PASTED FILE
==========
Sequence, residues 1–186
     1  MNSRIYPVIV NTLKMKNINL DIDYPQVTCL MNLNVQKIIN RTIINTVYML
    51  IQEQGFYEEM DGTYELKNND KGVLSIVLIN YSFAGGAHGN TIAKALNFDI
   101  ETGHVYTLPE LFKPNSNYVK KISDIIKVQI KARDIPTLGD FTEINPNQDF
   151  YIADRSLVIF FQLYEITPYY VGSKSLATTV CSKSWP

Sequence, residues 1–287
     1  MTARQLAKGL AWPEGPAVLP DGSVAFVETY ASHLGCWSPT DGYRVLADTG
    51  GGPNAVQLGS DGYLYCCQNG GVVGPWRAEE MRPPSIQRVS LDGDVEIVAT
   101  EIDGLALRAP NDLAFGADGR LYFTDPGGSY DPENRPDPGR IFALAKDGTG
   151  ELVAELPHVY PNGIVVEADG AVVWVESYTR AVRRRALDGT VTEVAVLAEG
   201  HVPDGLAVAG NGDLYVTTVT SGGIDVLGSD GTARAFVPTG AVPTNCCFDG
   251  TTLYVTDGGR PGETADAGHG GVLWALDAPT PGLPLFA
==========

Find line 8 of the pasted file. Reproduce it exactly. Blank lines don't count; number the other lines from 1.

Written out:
    51  GGPNAVQLGS DGYLYCCQNG GVVGPWRAEE MRPPSIQRVS LDGDVEIVAT